But Annecy’s open-armed embrace of Hollywood has changed the tone of the event. Most people who attend no longer talk about the independent shorts they’ve seen, but rather whether they were able to get into some major studio’s screening or receive a party invite to some studio event. The prime evening slots at the main Bonlieu theater, which used to be reserved for the short film premieres, are now given to feature films. While many of us like to say that short-form animation is the “soul or heart of the festival,” it’s mostly wishful thinking, as independent filmmakers who were the dominant force at Annecy for most of its 64-year history have now been relegated to the bleachers in favor of big-studio glitz.

With Hollywood’s arrival, the vibe has become more heavy-handed too. A Hollywood director told me how Annecy’s security dragged him out of his own screening for trying to film the audience’s reaction to the film he had directed so that he could show the crew back home.

And then there’s Hollywood’s own unique brand of fuckery that makes the festival more unpleasant for everyone else. One example is finding a place to stay within the city. While finding accommodations in Annecy has always been a challenge, it’s become even more difficult with the arrival of the studios. I spoke to one hotel who told me that all of their rooms had been block-booked by just two companies (I’ll let you guess which two).

And here’s the kicker: one of the studios had purchased 50 rooms beyond what they actually needed, so the hotel had to leave all of those rooms empty during the festival. They told me that their hands were tied since the rooms had already been paid for and they couldn’t double-book in case the studio ended up needing them. It’s beyond comprehension that dozens of rooms in a prime location within the old town would be left empty when so many attendees were struggling this year to find accommodations.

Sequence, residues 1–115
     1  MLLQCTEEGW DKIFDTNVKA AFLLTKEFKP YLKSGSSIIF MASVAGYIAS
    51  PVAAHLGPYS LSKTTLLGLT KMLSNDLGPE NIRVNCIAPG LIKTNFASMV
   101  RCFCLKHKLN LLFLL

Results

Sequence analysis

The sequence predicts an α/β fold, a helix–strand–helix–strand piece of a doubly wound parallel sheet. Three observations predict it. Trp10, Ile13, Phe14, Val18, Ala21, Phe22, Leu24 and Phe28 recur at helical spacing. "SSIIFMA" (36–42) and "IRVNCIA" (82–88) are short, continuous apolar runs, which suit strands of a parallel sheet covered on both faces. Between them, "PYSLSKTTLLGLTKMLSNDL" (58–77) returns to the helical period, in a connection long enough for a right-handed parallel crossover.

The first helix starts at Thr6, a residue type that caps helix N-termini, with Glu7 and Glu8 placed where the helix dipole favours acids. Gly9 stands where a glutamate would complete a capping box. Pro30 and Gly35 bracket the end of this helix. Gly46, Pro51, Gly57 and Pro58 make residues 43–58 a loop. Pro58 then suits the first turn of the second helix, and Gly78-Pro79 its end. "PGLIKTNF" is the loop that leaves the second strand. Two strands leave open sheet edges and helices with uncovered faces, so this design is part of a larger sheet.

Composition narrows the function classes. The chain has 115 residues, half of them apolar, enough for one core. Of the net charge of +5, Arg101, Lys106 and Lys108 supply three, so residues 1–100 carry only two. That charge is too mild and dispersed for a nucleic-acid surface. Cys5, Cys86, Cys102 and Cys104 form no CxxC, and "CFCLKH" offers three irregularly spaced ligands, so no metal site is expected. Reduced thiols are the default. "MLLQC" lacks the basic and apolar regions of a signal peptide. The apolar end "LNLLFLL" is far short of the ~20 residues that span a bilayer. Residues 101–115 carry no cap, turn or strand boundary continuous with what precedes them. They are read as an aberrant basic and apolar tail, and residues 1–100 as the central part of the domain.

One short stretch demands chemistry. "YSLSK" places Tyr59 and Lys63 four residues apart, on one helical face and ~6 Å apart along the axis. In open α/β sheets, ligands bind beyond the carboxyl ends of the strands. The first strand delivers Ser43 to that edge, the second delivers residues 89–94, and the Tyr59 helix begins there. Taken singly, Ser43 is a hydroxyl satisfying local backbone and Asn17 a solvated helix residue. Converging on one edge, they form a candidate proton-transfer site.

Oh, and just in case you’re wondering, that same hotel is already sold out for 2025 because the same two companies have bought it out again for their invisible employees attending Annecy.

3 – Annecy is a public health danger

The first two gripes are annoying to be sure, but not enough to stop me from attending. This third one though is making me rethink future Annecy trips.

During the festival, I chatted with people who attended the infamous 2022 edition at which countless attendees caught covid. Hearing their stories, I thought about how glad I was to have waited a couple extra years before resuming attendance. But patting myself on the back for good judgment was premature.

I returned home sick as a dog with the worst unintended French souvenir ever: covid. I’m grumpily writing this piece horizontally from my bed, unable to do much of anything. My miserable state causes me to reflect on the past week. Was there any interaction I had during the festival that made getting covid worth it? The answer is easy: There wasn’t.

Sure, there were wonderful meals and conversations with friends, both old and new, but all of these could have been arranged outside of the context of Annecy. The festival is a convenient way to see a lot of people at once, but that same convenience is also a virulent petri dish of disease and sickness made up of over 17,000 people from 103 countries.

Even in pre-covid times, more years than not I would catch a cold or flu of some sort at Annecy. Now, in the pandemic era, I caught something far more malicious and debilitating. It’s an experience I won’t be looking to repeat anytime soon. As much as I’ve enjoyed Annecy in the past, for the foreseeable future, I’m going to stick with more intimate (and less-potentially-lethal) animation events.